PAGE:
While I find ChromeOS quite restrictive, as a person who has tinkered with Windows and MacOS for decades, I can also appreciate how there’s so little to confuse or get wrong here. I even get the sense ChromeOS’s Settings menu isn’t really designed to be used that often by the average punter. It’s what you need, and a little more.
- Very limited customisation on offer
- Light and dark themes
One downside of ChromeOS’s pervasive simplicity is there’s not much you can do with a Chromebook to make it feel your own.
The system’s Personalisation section is minimal. You can change the wallpaper, and the screensaver, and choose whether to use the Light or Dark interface theme.
As in a modern phone, Dark mode makes light text on a dark grey background, rather than black text on a white background.
This aside, your only default customisation is what apps to put in the dock at the bottom of the home screen.
There is a workaround to get widgets on your home screen. But it’s not a particularly good one. Install Taskbar from Google Play and you can specify a pane of Android widgets, which you can bring up at any time. However, it’s not the same as widgets actually being sat on your Chromebook’s screen.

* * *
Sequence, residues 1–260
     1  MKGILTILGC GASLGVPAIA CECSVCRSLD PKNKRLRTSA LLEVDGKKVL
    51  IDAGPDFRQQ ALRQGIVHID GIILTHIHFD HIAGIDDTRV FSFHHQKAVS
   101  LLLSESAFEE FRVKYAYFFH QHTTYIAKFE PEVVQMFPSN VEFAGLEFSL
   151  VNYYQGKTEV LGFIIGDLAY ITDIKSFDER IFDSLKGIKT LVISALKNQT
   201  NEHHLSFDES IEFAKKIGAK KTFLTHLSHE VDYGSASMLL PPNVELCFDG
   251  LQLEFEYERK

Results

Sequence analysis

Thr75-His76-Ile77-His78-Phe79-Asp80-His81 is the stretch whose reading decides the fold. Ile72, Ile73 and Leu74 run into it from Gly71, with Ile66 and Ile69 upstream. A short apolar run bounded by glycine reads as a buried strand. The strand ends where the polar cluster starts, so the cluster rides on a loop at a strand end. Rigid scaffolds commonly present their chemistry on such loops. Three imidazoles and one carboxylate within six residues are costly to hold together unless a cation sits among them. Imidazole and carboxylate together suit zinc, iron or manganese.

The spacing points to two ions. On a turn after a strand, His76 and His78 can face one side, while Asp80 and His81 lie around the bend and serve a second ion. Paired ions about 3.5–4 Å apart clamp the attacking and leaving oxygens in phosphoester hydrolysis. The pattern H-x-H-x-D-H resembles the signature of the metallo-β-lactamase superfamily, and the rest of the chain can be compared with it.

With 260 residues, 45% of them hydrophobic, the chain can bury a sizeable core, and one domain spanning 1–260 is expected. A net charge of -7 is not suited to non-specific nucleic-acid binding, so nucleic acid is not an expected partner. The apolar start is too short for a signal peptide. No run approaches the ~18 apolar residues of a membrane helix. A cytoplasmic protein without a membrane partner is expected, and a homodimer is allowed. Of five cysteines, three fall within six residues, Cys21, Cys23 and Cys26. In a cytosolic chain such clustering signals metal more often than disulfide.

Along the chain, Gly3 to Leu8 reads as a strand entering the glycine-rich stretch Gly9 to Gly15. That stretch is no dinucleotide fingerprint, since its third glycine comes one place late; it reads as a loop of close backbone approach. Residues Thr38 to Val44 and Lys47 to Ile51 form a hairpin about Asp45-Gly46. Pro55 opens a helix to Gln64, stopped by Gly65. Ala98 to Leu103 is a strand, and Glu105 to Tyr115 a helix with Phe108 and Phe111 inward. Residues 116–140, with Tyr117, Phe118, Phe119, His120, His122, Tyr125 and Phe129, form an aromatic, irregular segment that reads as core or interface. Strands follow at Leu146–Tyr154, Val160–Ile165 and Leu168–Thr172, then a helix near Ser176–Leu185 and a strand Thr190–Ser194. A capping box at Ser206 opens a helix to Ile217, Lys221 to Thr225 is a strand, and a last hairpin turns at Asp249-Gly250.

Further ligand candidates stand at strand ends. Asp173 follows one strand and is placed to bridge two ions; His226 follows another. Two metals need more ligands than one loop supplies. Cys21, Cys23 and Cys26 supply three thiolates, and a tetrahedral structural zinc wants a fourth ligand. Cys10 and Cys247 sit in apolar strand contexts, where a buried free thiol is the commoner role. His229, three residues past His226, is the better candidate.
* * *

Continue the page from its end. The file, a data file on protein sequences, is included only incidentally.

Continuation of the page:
This was something I only looked into as part of this review, having used Chromebooks for years. And, frankly, I was not that impressed by how it felt in use.
Apps and Software
- Supports Android apps via Google Play
- No Microsoft Office support, but there are alternatives
ChromeOS is not what it used to be, in a positive sense. In its early years, more than a decade ago, Chromebooks were intended to be used solely online. They are much more broadly useful than in those days.
The base selection of preinstalled apps still includes online Google favourites like Docs, Gmail and so on. But since 2016, Chromebooks have also offered Android app support.
These don’t always run perfectly, but this functionality has completely eclipsed the ChomeOS apps and extensions you used to have to use. Google is in the process of winding down that old system entirely.
The caveat, other than compatibility and performance, is that you won’t find all the Android apps available to the average phone or tablet. For example, there’s no Microsoft Office 365 support.
You can run some of the other third-party office suites, though, including WPF Office and Mobi Systems OficeSuite.
Streaming service support is good, though. Netflix, Disney+, Prime Video, Mubi, NOW – they are all here. Apple TV+ is not, but that is no surprise.
You should also bear in mind ChromeOS is relatively weak for creative fields like digital art and music creation. There’s no access to pro-grade software suites. And while some mobile versions of pro apps are here, like Adobe Photoshop and Lightroom, Apple’s iPad is a lot better for creative jobs.